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There’s so much you can see, eat and do in the City of Sails without having to empty your savings account.
Big and brash, Auckland is renowned as a place to splash plenty of cash, but its many free natural and cultural attractions also make it a great destination for those on a budget. It helps that some of the city’s cheaper eateries happen to serve up some of the best food in town.
Here’s our itinerary for how you can spend a day in the City of Sails on a $50 budget.
9am: Breakfast at No.1 Pancake ($4.50)
No.1 Pancake serves up one of the best value breakfasts in town.
No.1 Pancake whips up traditional Korean pancakes so good people are willing to queue for them – one bite into the crispy dough stuffed with your choice of sweet or savoury filling and you’ll understand why. The sweet of teeth should enjoy the red bean and cinnamon and sugar versions, while the beef and cheese is a bit like a pancake version of the classic Kiwi mince and cheese pie. Starting from $4.50 each, they’re one of the best value breakfasts in town.
No.1 Pancake, 10 Wellesley Street East, Auckland CBD. no1pancake.co.nz
10am: Auckland Art Gallery Toi o Tāmaki (free)
The free Auckland Art Gallery will keep you occupied for hours.
Housing more than 17,000 artworks in a contemporary complex that incorporates the original French Chateau-style building, the Auckland Art Gallery could keep you occupied for hours. Widely considered to comprise New Zealand’s pre-eminent public art collection, the works on display help tell the story of Aotearoa from the time Māori first encountered Europeans in the 1600s. The Māori and Pacific Island collections are superb, and there are plenty of interesting international pieces, the oldest being a sandstone figure from a North Indian temple dating back to the 10th to 12th centuries.
Auckland Art Gallery, cnr Kitchen and Wellesley Streets, Auckland CBD. aucklandartgallery.com
11.30am: The Lightpath ($4)
The Lightpath is Auckland’s very Instagrammable hot pink cycleway.
Hire a bike from bike-share platform nextbike and make your way along Symonds Street, Karangahape Road and Upper Queen Street to the start of the city’s famous hot pink cycleway. A repurposed motorway offramp, The Lightpath Te Ara I Whiti offers up Illuminated by programmable LED lights which create interactive displays at night, the bike path officially ends at Union Street, but you can ride in protected cycle lanes all the way to the Viaduct.
Enter The Lightpath on Canada Street and continue down Nelson Street. nextbike.co.nz
12.30pm: Lunch at Britomart ($16)
Head to &Sushi restaurant in Britomart for an affordable Japanese lunch.
Britomart is home to some of the best restaurants in town, many of which are at the pricier end of the spectrum – but there are still bargains to be had, especially at lunchtime. For affordable Japanese food with harbour views, head to &Sushi for donburi, yakisoba, noodle soups, and of course, sushi. The chicken katsu don donburi bowl with cauliflower “rice”, miso sauce and sesame sauce-topped cabbage salad will set you back $16.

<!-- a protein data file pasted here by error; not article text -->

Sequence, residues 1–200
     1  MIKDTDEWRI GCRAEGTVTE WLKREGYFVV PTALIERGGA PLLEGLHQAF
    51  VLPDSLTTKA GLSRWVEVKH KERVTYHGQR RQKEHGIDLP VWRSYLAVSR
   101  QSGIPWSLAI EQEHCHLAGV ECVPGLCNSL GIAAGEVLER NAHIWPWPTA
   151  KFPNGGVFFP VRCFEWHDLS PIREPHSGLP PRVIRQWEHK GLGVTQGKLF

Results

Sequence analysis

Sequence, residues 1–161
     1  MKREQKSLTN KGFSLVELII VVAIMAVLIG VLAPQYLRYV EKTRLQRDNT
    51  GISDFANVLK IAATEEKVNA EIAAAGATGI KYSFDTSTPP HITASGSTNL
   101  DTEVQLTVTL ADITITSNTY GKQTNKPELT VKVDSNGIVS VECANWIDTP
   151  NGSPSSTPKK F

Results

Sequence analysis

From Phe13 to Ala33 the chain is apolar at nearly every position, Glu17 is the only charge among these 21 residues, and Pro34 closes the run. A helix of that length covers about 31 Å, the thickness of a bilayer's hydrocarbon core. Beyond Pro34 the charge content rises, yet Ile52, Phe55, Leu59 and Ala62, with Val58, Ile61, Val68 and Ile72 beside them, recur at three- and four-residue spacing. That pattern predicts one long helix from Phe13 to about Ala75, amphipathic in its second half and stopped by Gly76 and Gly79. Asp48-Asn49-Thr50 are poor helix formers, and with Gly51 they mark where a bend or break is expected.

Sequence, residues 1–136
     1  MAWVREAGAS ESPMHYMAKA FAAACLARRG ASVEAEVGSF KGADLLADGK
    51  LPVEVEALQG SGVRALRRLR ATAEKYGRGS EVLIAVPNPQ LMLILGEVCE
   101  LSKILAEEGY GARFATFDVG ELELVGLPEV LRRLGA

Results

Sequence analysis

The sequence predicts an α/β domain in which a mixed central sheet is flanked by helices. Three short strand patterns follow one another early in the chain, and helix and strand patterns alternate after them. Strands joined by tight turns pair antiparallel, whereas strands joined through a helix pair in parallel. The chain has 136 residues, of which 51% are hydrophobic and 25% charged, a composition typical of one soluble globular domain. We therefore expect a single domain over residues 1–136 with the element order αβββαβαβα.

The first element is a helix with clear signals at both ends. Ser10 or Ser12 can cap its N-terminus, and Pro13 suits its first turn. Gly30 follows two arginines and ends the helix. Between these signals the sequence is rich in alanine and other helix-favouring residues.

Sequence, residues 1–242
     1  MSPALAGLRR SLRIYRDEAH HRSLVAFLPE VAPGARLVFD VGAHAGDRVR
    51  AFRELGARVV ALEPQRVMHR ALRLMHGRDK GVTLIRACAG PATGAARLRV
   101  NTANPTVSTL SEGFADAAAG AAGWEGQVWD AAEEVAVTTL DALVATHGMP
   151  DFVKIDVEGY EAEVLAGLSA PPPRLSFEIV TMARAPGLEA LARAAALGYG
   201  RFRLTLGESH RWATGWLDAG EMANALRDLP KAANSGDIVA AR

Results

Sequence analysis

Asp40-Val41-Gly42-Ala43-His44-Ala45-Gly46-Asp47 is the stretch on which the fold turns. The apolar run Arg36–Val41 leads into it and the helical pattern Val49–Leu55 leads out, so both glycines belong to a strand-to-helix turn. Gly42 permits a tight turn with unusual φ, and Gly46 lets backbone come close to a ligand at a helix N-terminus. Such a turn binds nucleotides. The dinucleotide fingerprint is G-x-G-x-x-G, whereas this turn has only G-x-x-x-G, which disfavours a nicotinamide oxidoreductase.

&Sushi, 2 Tyler St, Britomart. andsushi.co.nz
1pm: Catch the ferry to Devonport ($15)
The ferry from Downtown to Devonport takes just 12 minutes.
Auckland is the City of Sails, so get amongst the action by catching the ferry to Devonport, which will set you back $15 for a return ticket. Fullers ferries run frequently and transport you in 12 short minutes to a seaside suburb which, with its cute Victorian villas, boutiques, galleries and pretty beaches, seems half a world (or at least half a city) away from the busy CBD.
Downtown Ferry Terminal, Quay Street, Auckland CBD. fullers.co.nz
1.15pm: Explore North Head and Cheltenham Beach (free)
Ther/North Head offers one of the best views of the city skyline.
A two-kilometre stroll along Devonport’s King Edward Parade will take you to Maungauika/North Head, a volcanic cone with military tunnels, bunkers and gun emplacements offering one of the city’s best views. Follow the Te Araroa Trail – which runs the entire length of New Zealand – to Cheltenham Beach, a long stretch of golden sand backed by some of Auckland’s most sought-after villas with a full-frontal view of Rangitoto. It’s a favourite local spot for swimming and sunbathing, but if you need more action you can continue along to Narrow Neck beach or climb another volcano, nearby Takarunga/Mt Victoria.
6pm: Stroll to Silo Park (free)
Silo Park transforms into an open-air cienma during the summer months.
When you’re back at the Downtown Ferry Terminal, stroll past stylish bars and restaurants, super-expensive superyachts and the Emirates Team New Zealand base to Silo Park in Wynyard Quarter. Centred around seven tall silos once used to store cement, it’s very industrial chic. Silo 6 is now used as an exhibition space, while movies are projected onto the walls of 35-metre-tall Silo 7 in the summer months. The whānau-friendly space regularly hosts food trucks, local DJs and events, but it’s worth visiting for the views across to Westhaven Marina and the Harbour Bridge alone. It’s pretty spectacular at any time of day, but extra special when the sun goes down.
Silo Park, Wynyard Quarter. silopark.co.nz
7pm: Dinner at Sumthin Dumplin ($10.50)
Sumthin Dumplin’s tasty morsels have developed a cult following.
Head back up towards Queen Street for dinner at Sumthin Dumplin, whose hand-rolled Shanghai-inspired dumplings have developed something of a cult following. Opt for a traditional filling such as pork and cabbage or tofu or shiitake mushroom and spinach, or go for the Kiwi mince and cheese pie-inspired beef, onion, mozzarella and parmesan. Prices start from $10.50 for six dumplings.
Sumthin Dumplin, cnr Lorne Street and Wellesley Street, Auckland CBD. sumthindumplin.co.nz
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